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Zimmer, charter group CEO square off over charter plan

Mike Szymanski | September 28, 2015

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LA Unified School Board President Steve Zimmer kept up his attack against the Broad Foundation charter schools expansion plan, appearing on KNBC’s “News Conference” yesterday and calling the plan a “perversion of what the charter movement was supposed to be.”

“The reason why I’m concerned is because this is really a business plan that doesn’t address all students,” Zimmer said. “It’s a some-student strategy not an all-student strategy and the problem is, is that when you take that many students away from the school district, necessarily you are injuring the students left behind, they become collateral damage of this plan.”

Zimmer was asked whether the district is concerned about control of the money that is allocated per student. “On the assumption that it’s exactly and precisely the same students then that would make sense,” Zimmer answered. “But we know it’s not the same students, we know that the students by and large that go to charter schools are not the students that have the most needs.”

Following Zimmer, the acting CEO of the Claifornia Charter School Association, Myrna Castrejon, disputed Zimmer’s characterization of the plan, saying, “I’m not sure where Mr. Zimmer is getting his facts. Charter schools enroll 2 percent more ELL (English Language Learners) than traditional public schools in Los Angeles. With Special Ed we are dead even with traditional public schools.”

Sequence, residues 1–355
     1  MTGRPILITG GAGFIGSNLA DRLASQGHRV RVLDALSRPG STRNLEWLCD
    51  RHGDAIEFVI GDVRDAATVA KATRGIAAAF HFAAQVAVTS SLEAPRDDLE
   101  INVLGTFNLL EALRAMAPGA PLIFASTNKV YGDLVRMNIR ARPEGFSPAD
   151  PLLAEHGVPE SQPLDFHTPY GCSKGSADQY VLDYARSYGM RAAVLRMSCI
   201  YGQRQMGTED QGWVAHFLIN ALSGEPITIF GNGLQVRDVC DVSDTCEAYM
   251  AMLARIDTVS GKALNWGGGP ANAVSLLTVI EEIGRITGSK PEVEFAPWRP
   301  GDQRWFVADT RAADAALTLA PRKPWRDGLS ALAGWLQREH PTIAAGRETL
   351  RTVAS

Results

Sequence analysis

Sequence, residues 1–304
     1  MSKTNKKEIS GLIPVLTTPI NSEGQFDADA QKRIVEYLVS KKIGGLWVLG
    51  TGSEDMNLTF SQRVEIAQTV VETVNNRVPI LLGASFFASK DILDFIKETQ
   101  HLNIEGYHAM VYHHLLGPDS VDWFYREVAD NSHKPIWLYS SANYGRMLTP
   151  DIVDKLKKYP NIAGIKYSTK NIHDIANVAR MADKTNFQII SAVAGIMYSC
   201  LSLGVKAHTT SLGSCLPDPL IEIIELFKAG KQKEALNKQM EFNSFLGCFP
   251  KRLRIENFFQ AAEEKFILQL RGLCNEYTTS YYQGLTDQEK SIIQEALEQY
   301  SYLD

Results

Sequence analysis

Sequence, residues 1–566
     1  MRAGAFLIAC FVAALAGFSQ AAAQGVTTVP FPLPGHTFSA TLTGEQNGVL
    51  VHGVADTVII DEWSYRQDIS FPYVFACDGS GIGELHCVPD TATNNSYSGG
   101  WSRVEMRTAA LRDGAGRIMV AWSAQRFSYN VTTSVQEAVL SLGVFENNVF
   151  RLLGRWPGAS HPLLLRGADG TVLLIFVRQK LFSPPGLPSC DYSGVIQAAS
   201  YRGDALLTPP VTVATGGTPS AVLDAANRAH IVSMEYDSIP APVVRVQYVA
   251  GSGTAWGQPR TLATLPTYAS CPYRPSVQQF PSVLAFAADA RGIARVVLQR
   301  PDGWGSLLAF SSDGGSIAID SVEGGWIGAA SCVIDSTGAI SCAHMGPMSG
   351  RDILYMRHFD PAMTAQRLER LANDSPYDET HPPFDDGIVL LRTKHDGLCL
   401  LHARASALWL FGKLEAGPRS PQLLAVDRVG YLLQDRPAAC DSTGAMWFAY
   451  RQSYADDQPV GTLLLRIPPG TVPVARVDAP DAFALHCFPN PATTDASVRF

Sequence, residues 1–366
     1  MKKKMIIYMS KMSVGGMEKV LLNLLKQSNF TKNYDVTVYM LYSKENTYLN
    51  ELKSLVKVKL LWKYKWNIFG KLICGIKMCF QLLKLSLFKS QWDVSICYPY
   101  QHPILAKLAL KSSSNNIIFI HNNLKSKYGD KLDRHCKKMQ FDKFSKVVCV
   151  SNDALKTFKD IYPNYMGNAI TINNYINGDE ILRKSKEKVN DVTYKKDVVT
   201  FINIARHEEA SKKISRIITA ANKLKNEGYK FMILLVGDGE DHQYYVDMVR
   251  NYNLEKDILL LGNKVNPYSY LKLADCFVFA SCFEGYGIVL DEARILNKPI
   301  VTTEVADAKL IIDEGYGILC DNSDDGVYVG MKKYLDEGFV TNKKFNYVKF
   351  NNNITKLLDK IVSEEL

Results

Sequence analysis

She added, “I think really it is about protecting the institution.” She said the Local Control and Accountability Plan now allows the money to go where the students go and added, “If they want to go to charter schools, they are welcome.”

Zimmer said, “The biggest problem I have with the plan is that it talks about market share, it talks about our kids as market share. It’s a business strategy for a social and public sector problem.”

He added, “It’s really a perversion of what the charter movement was supposed to be. The charters were supposed to be innovators for change. And once they were able to break through, which some charters have, the change was supposed to spread throughout the system. This is a plan to bring the entire system down, and there will be a lot of damage in that system. Not just to the entire system, but to real kids in real time.”

Castrejon cited statistics showing that low income minority students have three or four times a better chance of going to college if they attend a charter school. She also said Broad plan is “a wonderful, wonderful gesture.”


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